This article was published in the Fall 2002 issue of Bible and Spade.
Tyre’s significance in the 14th century BC can be seen in the Amarna Letters. These cuneiform-inscribed clay tablets found in Tell el-Amarna, Egypt, represent correspondence between minor Canaanite kings ruling under Egyptian auspices during the reign of Egyptian Pharaohs Amenhotep III and his son Akhenaten. This is the century immediately following Joshua’s initial assault on Canaan, according to Biblical chronology.
While Tyre was outside the main area of Israelite operations, it was in the northern sector of Canaan. Ten letters from Abimilki (“my father is king,” like the Hebrew name Abimelech), king of Tyre, to Ahkenaten (EA 146–155)1 reported on political conditions in Canaan. At this time, Tyre was located on the island. The inhabitants obtained water supplies from the mainland settlement, Uzu (Jidejian 1996:40).
The occasion of Abimilki’s letters to Pharaoh Akhenaten appeared to be a very difficult political situation. The foremost problem revolved around the availability of drinking water (EA 146.20; 148.12, 31; 149.51, 75; 50.21; 151.39, 43; 154.18; 155.10, 16, 19, 25, 63).
From the first letter (EA 146.15; see also 147.66-70; 148.24-26; 149.49-63, 67–70; 151.11-14; 152.7-8; 154.11-25), Abimilki had issues with Zimrida king of Zidon (Sidon). Another problem for Abimilki may also have involved the SA GAZ people (EA 146.22; see also 148.43, 45). The SA GAZ, or Apiru as called by the king of Jerusalem (EA 286:19, 56; 287:31; 288:37, 44; 289:24), were viewed by Abimilki as rebels fighting against Tyre and Pharaoh (for an excellent treatment of the subject, see Waterhouse 2001). Abimilki also believed kings of other nearby Canaanite cities joined with them (EA 148:41–43).
The North Palace at Amarna. Here the royal family lived, enjoying courts with pools and shaded garden porticoes.
From the first letter (EA 146.9) and the following letters (EA 147.61-64; 148.21-22; 149.9-10; 150.7-9; 151.6; 153.14-16; 155.50), Abimilki reminds Akhenaton that he was protecting Tyre for Pharaoh. It seems that Abimilki may not have been of the city’s ruling dynasty or even a native of Tyre, but placed on the throne by Pharaoh. A letter from Rib-Addi (EA 89.20-21), king of Byblos (Gebal), says that enemies have killed the ruler at Tyre along with the members of Rib-Addi’s family. Abimilki probably replaced Tyre’s deceased king. It seems Byblos and Tyre, were almost the only cities in the region of Lebanon that were loyal to Egypt.
In his second letter (EA 147.66-70) Abimilki denounces Zimrida of Sidon as a traitor and spy, a recurring theme throughout his letters (EA 148.24-26; 149.49-63, 67–70; 151. 11–14; 152.7-8; 154.11-25).
From the second letter on (EA 147.65-66), Abimilki continued to call on Pharaoh to provide drinking water and wood for heat (EA 148.31-33; 149.51, 75–76; 150.21; 151.39-40, 43; 154.17-18; 155.10, 16, 19, 25, 63) for his island fortress. Tyre would have needed to be periodically resupplied with these and other commodities (straw and clay, EA 148.33-34; straw and earth, EA 155.19). Presumably the adjacent mainland city Uzu was Tyre’s regular supplier.
Consequently, in his third (EA 148.11, 30) and fifth (EA 150.18-21) letters Abimilki requested Uzu from Pharaoh. Scholars suggest it may be the adjacent mainland city known by the Greeks as Paleotyrus. That would explain the fact that in the following letters, Uzu and water (and wood and a few other necessities) are tied together (EA 148.11-12, 30–34; 149.49-51; 150.18-21).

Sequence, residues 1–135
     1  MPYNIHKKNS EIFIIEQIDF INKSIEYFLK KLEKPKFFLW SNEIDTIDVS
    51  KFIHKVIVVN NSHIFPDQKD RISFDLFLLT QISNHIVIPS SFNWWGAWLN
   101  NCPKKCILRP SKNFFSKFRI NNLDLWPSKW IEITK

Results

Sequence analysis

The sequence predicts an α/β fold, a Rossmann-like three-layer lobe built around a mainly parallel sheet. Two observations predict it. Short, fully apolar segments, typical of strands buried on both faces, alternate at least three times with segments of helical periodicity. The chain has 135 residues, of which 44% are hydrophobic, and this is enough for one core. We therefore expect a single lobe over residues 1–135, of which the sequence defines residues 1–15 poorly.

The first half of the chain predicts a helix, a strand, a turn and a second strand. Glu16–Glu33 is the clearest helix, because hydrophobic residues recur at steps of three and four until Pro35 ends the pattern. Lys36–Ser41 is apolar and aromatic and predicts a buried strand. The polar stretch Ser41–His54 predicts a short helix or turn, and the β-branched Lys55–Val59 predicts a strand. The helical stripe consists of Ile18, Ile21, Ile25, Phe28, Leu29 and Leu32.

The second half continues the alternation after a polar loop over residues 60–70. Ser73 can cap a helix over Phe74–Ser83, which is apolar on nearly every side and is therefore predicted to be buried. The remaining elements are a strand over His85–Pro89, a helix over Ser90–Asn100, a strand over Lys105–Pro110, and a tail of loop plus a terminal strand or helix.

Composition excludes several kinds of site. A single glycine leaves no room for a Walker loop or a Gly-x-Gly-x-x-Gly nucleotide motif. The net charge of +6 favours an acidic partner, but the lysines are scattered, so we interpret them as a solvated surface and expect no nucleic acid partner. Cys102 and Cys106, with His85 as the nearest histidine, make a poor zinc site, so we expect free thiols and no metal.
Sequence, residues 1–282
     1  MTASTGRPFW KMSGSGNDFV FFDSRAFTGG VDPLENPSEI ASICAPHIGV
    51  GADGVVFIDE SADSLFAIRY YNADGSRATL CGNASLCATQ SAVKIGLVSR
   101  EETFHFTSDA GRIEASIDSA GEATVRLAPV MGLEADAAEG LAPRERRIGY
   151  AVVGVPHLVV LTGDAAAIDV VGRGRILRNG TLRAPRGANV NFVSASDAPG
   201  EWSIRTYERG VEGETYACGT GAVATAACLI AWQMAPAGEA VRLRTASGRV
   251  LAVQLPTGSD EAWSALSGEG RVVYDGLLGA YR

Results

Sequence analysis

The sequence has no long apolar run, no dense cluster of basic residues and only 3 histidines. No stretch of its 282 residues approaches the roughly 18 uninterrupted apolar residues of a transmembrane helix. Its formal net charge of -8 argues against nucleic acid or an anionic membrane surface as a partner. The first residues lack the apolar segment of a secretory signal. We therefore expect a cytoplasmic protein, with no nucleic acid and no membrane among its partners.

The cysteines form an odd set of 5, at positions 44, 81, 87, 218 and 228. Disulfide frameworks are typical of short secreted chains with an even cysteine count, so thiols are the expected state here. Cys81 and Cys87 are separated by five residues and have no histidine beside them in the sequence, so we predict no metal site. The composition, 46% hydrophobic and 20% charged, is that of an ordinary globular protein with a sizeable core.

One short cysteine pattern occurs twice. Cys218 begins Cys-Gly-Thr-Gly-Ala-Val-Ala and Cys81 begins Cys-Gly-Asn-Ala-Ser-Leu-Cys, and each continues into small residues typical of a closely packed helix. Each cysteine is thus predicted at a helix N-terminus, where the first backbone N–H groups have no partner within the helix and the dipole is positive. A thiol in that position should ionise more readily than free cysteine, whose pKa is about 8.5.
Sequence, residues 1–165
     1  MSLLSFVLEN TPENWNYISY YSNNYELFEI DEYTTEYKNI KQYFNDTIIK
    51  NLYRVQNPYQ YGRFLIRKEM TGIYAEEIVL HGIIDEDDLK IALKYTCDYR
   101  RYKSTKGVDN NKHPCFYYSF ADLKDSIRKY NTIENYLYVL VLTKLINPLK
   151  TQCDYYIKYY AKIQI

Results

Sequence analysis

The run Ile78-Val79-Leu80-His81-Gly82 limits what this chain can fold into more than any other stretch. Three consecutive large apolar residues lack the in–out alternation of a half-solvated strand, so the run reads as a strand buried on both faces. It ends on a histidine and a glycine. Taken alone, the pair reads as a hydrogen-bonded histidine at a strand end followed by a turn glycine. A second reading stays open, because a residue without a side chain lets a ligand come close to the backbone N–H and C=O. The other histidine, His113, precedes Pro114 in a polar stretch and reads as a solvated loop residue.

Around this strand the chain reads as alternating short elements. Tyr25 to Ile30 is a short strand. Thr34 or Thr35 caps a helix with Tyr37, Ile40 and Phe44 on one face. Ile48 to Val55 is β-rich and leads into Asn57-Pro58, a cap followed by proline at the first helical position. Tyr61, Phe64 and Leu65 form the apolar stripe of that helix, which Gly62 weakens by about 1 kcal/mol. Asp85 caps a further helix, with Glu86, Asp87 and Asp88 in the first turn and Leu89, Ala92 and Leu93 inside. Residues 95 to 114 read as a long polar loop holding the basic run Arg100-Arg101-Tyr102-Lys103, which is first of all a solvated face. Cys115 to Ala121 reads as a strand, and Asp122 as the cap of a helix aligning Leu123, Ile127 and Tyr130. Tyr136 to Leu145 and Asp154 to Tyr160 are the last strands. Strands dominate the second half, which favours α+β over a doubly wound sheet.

Amarna letters on display in the Egyptian Museum, Cairo. Some 380 clay tablets were recovered from the “Office-House of the Letters of Pharoah” at Amarna.
Yet, in his fourth letter (EA 149.49-50), Abimilki tells Pharaoh that the ruler of Uzu had fled and that his enemy, Zimrida of Sidon, has taken the city. It is not clear if Abimilki was ever delivered by Pharaoh from the hand of his enemy. Because his letters appear to stop, it may be assumed his fate was similar to that of many other Canaanite kings at the time. Pharaoh Akhenaten was unable or unwilling to help.
Pharoah Ahkenaten and his wife Nefertiti. Akhenaten encouraged realism in art as can be seen in this painted relief. In other periods, art tended to be idealized and formal. Egyptian Museum, Berlin.
Abimilki wrote these letters to his sovereign during a very short period in the 14th century BC. This was the Biblical period of the Judges. An important port city on the northern fringes of the Promised Land and outside the main area of Israelite operation, Tyre was still under plenty of pressure. Abimilki describes a situation that fits the Biblical description of the region during the Conquest and Settlement periods. Every city had a minor king, and these kings kept uniting for or against each other. In at least one case, Abimilki said a king joined with the Apiru, at this time and place apparently the Hebrews (or Israelites). Consequently, the Apiru or SA GAZ, the bad people of the Amarna Letters, were the good guys of the Bible!
1. The letters are identified by the designation EA (el-Amarna) and a sequential number.
1996 Tyre Through the Ages. Beirut: Librairie Orientale.
Moran, W. L.
1992 The Amarna Letters. Baltimore: Johns Hopkins University Press.
2001 Who are the Habiru of the Amarna Letters? Journal of the Adventist Theological Society 12.1:31–42.